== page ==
2014-12-18 / Front Page

Sneak a Peek During Candlelight Home Tours

By Pat Blakeley


Candlelight Tour visitors to Willow's Edge, 42 Second St., on Dec. 27 will enjoy the "keeping room" and many fine details in the 1731 home. Unlike many historic houses, the Quaker colonial remains as originally laid out. (Photo by Ann Ritterbusch) Candlelight Tour visitors to Willow's Edge, 42 Second St., on Dec. 27 will enjoy the "keeping room" and many fine details in the 1731 home. Unlike many historic houses, the Quaker colonial remains as originally laid out. (Photo by Ann Ritterbusch) Those of us with a penchant for peeking into other people’s lives – just a bit – will get a terrific opportunity at the 44th annual Candlelight Tour of Historic Homes Dec. 26-28, when the Christmas in Newport staple offers the chance to do just that, as historic private homes open their doors to the public. Seven different properties will welcome guests during the post-Christmas days from 4 to 7 p.m. – for just $3 each.

Four houses that have not been on the tour before will make their debut this year, along with three favorites, reports coordinator Vance Gatchel. “We have three colonials and four Victorians,” she says. “It is always so interesting to see what people do with historic properties. Some choose to incorporate contemporary features, while others embrace the historic elements in all they do.”


The 1845 Benjamin Marsh House, 20 School St., is the "finest example of Gothic revival architecture in Newport," according to the National Historic Landmarks program. The 1845 Benjamin Marsh House, 20 School St., is the "finest example of Gothic revival architecture in Newport," according to the National Historic Landmarks program. Nancy Stafford and Bill Bagwill will receive visitors on Friday, Dec. 26, but not the sort they are used to. The couple owns the Cliffside Inn, 2 Seaview Ave., and this marks the first time the house, once the residence of artist Beatrice Turner, will be on tour. They bought the 1876 property in 2010 and began a massive renovation project, winning a 2014 Doris Duke Historic Preservation Award for the meticulous restoration. The first floor of the inn will be open, with the library, parlor, kitchen, and one guest room on display.

First time tour homeowner Ed Raymond looks forward to showing the ground floor of his 1895 property, located at 15 Chestnut St., on Friday, Dec. 26. The art lover, who is also an architect and preservationist, said the historic house is heavily decorated and more ornate than others in the area.


The 1725 Isaac Dayton House, at 35 Washington St., will make its tour debut this year. The 1725 Isaac Dayton House, at 35 Washington St., will make its tour debut this year. Also new to the tour this year is Willow’s Edge (1731), 42 Second St., on Saturday, Dec. 27. Two floors of the Quaker colonial style house will be open to guests. Willow’s Edge is one of the few that remains as originally laid out, with the exception of an added back staircase and baths. The large home is not as elaborate as many built by prosperous merchants in that era; it features a “keeping room” showcasing a large fireplace with a beehive hearth and an original pulley system as the focal point.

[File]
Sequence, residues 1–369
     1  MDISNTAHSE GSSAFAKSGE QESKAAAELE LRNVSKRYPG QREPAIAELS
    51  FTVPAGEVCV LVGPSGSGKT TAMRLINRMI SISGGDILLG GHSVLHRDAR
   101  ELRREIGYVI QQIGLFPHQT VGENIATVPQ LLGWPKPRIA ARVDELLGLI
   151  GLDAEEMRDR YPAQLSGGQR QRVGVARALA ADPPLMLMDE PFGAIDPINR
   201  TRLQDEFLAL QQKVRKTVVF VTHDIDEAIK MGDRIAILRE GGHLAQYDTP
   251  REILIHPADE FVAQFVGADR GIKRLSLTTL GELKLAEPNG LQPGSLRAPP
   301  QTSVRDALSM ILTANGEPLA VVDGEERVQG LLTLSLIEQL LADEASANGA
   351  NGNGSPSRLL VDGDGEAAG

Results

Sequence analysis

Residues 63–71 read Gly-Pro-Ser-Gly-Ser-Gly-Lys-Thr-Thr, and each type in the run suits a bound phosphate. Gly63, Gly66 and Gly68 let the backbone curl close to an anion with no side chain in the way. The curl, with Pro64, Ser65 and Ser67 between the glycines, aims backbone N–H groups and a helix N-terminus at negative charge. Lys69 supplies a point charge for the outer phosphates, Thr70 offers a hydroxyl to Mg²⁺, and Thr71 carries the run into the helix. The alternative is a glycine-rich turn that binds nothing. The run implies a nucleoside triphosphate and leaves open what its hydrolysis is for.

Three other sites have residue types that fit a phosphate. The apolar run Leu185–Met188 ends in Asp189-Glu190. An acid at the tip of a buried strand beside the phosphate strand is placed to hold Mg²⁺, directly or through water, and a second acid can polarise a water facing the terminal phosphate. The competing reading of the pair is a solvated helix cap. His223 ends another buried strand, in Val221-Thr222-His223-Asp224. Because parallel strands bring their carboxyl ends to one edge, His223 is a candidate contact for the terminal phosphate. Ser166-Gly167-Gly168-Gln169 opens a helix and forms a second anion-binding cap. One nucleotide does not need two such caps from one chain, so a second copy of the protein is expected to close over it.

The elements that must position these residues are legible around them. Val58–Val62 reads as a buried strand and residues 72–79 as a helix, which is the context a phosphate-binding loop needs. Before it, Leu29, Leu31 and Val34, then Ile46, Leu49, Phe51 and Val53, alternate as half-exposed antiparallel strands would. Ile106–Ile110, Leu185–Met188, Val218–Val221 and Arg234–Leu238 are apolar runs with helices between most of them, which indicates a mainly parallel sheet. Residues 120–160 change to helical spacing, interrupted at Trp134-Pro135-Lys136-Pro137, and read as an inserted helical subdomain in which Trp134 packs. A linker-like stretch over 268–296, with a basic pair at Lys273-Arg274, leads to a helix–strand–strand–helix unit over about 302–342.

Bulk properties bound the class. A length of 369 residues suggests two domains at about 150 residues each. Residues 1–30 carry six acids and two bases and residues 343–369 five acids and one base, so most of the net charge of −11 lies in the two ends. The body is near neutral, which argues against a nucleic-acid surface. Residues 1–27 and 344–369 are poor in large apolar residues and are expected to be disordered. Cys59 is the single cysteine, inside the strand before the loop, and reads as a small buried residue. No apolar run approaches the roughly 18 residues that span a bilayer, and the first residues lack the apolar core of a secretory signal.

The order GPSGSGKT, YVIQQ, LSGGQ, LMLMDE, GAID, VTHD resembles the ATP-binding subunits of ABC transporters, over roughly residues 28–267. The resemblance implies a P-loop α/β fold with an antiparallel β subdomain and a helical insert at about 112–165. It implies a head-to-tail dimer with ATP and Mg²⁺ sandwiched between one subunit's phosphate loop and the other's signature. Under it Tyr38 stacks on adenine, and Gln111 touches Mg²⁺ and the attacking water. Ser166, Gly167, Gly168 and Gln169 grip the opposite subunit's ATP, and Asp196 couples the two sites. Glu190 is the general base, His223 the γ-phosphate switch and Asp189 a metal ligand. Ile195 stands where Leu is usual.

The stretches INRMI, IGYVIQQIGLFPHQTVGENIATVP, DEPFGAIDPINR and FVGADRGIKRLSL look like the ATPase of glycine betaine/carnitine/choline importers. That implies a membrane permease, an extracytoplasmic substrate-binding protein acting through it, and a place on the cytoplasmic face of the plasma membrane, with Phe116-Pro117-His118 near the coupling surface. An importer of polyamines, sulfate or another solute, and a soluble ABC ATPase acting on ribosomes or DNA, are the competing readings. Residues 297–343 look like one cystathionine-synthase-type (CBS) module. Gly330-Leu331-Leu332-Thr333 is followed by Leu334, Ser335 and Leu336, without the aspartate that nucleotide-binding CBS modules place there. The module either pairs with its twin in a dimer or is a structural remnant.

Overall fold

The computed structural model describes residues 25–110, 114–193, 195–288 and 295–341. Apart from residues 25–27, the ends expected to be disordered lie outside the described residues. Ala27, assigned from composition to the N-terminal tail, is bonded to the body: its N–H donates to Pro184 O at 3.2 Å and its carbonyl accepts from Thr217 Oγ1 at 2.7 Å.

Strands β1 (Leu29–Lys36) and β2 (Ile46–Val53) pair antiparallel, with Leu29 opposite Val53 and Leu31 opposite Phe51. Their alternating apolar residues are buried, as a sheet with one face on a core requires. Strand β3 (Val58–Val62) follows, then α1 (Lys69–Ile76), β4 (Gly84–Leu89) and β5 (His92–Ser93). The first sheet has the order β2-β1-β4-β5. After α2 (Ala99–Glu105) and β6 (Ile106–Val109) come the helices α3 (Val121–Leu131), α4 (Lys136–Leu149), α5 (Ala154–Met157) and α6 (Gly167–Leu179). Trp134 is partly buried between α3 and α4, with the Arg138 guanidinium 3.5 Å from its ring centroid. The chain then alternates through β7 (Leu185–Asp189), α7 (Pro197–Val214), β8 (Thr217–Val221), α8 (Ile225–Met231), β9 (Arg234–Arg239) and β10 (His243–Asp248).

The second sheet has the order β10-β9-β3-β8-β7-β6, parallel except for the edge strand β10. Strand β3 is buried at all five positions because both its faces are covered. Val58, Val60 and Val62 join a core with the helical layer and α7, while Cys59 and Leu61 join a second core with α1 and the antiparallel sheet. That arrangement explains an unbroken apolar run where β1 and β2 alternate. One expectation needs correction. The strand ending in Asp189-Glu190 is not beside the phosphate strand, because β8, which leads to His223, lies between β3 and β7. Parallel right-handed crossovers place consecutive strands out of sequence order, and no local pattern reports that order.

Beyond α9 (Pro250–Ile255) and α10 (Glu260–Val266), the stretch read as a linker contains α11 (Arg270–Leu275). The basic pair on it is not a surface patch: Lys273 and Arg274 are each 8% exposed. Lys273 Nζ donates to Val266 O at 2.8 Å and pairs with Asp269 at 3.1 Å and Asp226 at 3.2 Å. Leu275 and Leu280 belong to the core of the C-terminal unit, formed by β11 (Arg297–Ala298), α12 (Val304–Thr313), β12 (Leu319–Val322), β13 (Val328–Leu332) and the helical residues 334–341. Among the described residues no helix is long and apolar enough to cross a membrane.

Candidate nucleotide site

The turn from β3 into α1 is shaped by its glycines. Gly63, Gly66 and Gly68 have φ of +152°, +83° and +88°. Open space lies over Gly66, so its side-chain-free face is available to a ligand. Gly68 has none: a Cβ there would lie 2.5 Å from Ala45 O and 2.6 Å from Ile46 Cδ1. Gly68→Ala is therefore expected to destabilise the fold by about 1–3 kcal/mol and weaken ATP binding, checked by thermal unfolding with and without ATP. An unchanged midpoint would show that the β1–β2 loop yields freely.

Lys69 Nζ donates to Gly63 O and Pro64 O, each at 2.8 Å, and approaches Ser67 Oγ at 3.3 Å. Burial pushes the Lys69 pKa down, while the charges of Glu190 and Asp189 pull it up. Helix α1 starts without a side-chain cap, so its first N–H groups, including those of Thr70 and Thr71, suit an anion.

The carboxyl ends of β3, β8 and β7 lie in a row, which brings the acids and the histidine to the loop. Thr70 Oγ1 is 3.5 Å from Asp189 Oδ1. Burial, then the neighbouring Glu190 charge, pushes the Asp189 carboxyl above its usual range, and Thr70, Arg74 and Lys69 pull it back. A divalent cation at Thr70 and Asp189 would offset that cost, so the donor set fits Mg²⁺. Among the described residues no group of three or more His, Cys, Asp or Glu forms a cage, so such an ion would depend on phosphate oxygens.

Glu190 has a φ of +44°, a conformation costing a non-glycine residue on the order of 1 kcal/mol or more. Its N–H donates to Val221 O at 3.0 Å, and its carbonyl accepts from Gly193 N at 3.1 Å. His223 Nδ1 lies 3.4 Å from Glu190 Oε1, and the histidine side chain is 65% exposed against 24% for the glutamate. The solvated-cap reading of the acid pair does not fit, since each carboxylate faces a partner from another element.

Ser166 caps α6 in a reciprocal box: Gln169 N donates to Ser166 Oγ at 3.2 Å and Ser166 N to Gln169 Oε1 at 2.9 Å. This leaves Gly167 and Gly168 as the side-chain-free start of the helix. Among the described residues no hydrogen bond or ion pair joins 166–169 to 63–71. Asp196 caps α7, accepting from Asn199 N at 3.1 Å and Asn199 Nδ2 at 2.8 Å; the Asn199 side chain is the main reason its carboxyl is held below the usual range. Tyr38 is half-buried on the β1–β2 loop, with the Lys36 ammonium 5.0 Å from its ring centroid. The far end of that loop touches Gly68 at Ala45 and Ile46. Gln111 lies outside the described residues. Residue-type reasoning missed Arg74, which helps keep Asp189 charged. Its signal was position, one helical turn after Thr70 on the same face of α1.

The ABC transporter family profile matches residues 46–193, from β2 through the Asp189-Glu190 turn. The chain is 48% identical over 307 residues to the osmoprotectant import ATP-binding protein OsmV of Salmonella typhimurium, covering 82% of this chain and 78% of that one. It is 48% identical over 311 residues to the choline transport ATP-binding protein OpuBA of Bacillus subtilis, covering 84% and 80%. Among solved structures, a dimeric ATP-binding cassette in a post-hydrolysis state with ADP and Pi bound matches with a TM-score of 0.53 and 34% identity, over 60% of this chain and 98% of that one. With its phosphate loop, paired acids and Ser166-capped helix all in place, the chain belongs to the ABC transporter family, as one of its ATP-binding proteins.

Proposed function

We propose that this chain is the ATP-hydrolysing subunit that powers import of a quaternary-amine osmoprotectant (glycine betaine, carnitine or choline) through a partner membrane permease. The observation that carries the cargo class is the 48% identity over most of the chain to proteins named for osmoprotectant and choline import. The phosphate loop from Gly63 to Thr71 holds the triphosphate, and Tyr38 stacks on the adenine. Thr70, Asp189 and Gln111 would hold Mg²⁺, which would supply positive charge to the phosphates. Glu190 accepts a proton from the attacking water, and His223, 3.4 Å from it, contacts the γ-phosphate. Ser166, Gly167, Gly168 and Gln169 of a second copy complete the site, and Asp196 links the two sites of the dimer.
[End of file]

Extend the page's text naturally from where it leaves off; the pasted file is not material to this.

The ever-popular Victorian showplace J. Griffiths Masten House (1883), 43 Everett St., owned by Jan and Larry Girouard, will be on tour for the 12th time in 18 years on Saturday, Dec. 27. Jan decorates a little differently every season, “just to keep things fresh,” she says. The couple loves to be a part of the program, largely because of the appreciative guests who visit during the tour. “This house cries ‘Christmas,’” she laughs, adding that she begins decorating shortly after Thanksgiving and tweaks right up until the tour.

Suzanne Varisco will welcome visitors to the 1725 Isaac Dayton House, a Newport Restoration Foundation property, on Sunday, Dec. 28. This marks the tour debut of the small house, which is on its original site, unlike many of the colonial era homes still standing. The 35 Washington St. location provides a spectacular view of the harbor, and it boasts original floors and authentic, narrow windows.

The Benjamin Marsh House (1845),“the finest example of Gothic revival architecture in Newport,” according to a National Historic Landmark District plaque affixed to the building, will be open on Sunday, Dec. 28. Owner Kiki Slee McMahon says the craftsmanship of the woodwork, original floors and windows, and fine architectural elements throughout fascinate guests whenever she hosts the tour. Two floors of the 20 School St. home will be open.

Becky and Dan McSweeney will show the Quaker School House (1711) for the third time on Sunday, Dec. 28. The tour is a lot of work, admits Becky, but adds that the house is beautiful and they enjoy sharing it. Two floors of the 33 Farewell St. home will be on display; the exquisite woodwork, intricate dental detail around the fireplaces, and carved paneling in the dining room are particularly noteworthy.

Each Candlelight Tour of Historic Homes property will be marked by a Christmas in Newport flag and a uniformed member of the Newport Artillery Company at the door. The cost to tour each house is $3, payable at the door. As a courtesy to the homeowners, no high heels or photographs are permitted, and children must be at least 10 years old.

Return to top